Water Wisdom: Planning for the Future
As we begin the 21st century, Western water resources are under severe stress. A combination of booming population growth, the worst drought ever recorded and a changing climate has leaders, policymakers and conservationists concerned about the reliability of our future water resources.
As part of its strategic plan, the Sonoran Institute is using education, good information and place-based projects to increase the capacity of decision-makers and communities to better manage their water resources for the future.
Demand for water is closely linked with local land-use planning decisions, community development and energy policy. The Institute is uniquely positioned to engage in all three areas. Bringing experience, ideas and a regional perspective to government officials and decision-makers, the Institute is actively encouraging conservation-based policy changes to protect and sustain the vital water resources of the West for generations to come.
From working in the communities of Mexico to replace water-hungry, invasive Salt Cedar with native Cottonwood trees, to teaching the latest water harvesting techniques in Tucson, Arizona, to informing the public about the water impacts associated with plans to drill for oil shale on the Front Range of Colorado, the Institute is using its unique brand of community-based collaborative conservation to inform local citizens about their vital resources and to build ownership for sustainable solutions.
Ancient Practices Inspire Modern Policies
The Sonoran Institute partnered with the city of Tucson, Arizona, to establish the nation's first municipal rainwater harvesting ordinance for commercial projects. Going forward, Tucson developers will have to supply half of the water needed for landscaping from harvested rainwater. Borrowed from centuries old practices of local Native American tribes, the Institute championed the idea of incorporating water harvesting concepts into modern community development policies. Other cities across the West have already begun to emulate Tucson's leadership on this water issue.
Empowered Local Leadership
In recent years, hard rock mining activity has surged in the West. Commercial mining for copper, gold, silver, uranium and other metals has a small impact on the overall economy, but comes with a big impact on water resources, landscapes and the environment. Mining proposals also stir up controversy. Using research, the Sonoran Institute has provided new knowledge and insight on the impacts of mining to local officials in Colorado and Arizona, to help them make the best decisions about their economic future, while protecting their vital natural resources.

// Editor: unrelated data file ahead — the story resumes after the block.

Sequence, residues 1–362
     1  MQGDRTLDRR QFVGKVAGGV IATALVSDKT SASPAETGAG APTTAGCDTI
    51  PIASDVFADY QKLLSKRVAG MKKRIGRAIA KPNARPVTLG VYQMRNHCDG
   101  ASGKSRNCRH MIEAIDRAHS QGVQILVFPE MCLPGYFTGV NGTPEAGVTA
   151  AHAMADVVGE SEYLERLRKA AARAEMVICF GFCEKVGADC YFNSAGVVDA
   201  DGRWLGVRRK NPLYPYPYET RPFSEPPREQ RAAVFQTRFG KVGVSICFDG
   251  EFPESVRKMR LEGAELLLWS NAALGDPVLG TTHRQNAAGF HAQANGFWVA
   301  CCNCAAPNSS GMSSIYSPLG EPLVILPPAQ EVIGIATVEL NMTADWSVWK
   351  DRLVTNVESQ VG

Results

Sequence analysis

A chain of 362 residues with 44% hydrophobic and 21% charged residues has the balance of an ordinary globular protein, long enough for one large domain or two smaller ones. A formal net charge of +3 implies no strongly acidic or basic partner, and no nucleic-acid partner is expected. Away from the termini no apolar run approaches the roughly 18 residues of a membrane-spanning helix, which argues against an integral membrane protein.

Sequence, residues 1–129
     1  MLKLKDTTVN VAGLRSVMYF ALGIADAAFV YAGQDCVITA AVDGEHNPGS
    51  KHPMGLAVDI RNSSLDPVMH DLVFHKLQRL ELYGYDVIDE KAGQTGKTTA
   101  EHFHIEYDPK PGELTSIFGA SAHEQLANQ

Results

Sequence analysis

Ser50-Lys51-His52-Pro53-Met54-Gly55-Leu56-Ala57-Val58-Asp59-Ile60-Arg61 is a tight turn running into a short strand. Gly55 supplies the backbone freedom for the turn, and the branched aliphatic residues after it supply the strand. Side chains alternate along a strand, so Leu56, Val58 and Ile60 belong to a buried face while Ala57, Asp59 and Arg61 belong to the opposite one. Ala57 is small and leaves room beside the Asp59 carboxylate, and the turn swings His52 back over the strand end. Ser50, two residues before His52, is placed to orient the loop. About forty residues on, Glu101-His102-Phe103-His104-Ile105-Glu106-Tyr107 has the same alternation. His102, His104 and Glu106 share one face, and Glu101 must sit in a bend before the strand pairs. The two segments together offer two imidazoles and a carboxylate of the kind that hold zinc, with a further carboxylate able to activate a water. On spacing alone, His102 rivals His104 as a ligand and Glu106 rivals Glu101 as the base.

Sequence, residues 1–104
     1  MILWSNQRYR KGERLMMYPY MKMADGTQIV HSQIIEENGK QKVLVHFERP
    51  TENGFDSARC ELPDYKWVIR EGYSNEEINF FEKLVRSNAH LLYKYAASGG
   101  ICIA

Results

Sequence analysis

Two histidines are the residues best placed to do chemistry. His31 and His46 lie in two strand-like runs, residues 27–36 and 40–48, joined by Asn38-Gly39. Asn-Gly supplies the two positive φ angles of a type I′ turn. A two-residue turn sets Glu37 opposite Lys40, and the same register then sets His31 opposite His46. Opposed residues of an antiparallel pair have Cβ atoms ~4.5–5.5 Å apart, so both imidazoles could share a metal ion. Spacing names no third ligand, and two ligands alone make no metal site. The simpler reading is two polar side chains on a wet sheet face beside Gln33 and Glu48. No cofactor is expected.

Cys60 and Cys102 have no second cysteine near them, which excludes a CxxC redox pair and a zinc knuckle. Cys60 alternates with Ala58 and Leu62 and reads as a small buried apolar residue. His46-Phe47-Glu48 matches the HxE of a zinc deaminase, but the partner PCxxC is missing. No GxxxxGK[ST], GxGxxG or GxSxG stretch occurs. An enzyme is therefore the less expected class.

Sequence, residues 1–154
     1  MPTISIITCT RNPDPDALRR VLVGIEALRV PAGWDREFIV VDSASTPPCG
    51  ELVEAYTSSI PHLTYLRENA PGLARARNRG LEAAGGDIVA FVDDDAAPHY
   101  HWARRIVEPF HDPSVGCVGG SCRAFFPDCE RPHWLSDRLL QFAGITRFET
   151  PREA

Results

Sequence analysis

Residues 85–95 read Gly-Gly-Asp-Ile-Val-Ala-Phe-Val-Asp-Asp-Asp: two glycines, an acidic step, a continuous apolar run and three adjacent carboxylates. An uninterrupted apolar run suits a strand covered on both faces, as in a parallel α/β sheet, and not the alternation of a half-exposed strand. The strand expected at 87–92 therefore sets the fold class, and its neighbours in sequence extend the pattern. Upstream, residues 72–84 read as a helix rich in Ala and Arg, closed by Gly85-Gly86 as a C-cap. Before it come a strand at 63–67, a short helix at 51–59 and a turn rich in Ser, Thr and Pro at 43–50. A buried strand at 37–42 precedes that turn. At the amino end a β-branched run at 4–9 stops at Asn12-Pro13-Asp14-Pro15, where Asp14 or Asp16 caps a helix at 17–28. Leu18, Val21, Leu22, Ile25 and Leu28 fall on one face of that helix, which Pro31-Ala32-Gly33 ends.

Energy Vision for the West
The headwaters of the Colorado River are located on the western slope of the Colorado Rockies. This geography is also home to the largest deposit of oil shale in the country. Extracting the oil shale is known to be a water intensive process. The oil shale debate has energized the Sonoran Institute to map out a new energy vision for the West—one that promotes sustainability, respects the predicted scarcity of future water resources and considers the diverse inter¬ests of 30 million downstream users of Colorado River water.
A River Runs Through Mexico
A cornerstone of the Sonoran Institute's unique approach to con¬servation is local involvement and ownership. A good example of the Institute's "boots on the ground" style of conservation is our efforts to restore active flows to the Hardy and Colorado rivers in Mexico by ridding the waterways of invasive, water-hungry vegeta¬tion and replacing it with native species such as Cottonwood trees. In 2009, we recruited a small army of volunteers, young and old, into our "Adopt-A-River" program to restore miles of river corridor for farming, municipal and recreational activities.
Creative Ideas for Water Shortages
In 2009, the Institute received the Partners in Conservation Award from the U.S. Secretary of the Interior for providing leadership associated with creating new guidelines for managing shortages of Colorado River water. One of the most exciting parts of the agreement is a new opportunity for Mexico and conservation organizations to develop and store water for a variety of purposes, including restoring the Colorado River Delta.
Ideas without Borders
Long recognized as one of North America's most impressive wet¬lands, the Colorado River Delta faces possible extinction. Drought, massive water diversions and climate change have shrunk the once mighty estuary to less than 10 percent of its original size. A new bi¬national partnership between the Sonoran Institute, Environmental Defense Fund, and Pronatura Sonora, a Mexico-based conservation organization, is actively marketing visionary ideas—a Water Trust—for acquiring water and land for the restoration of the Colorado River Delta.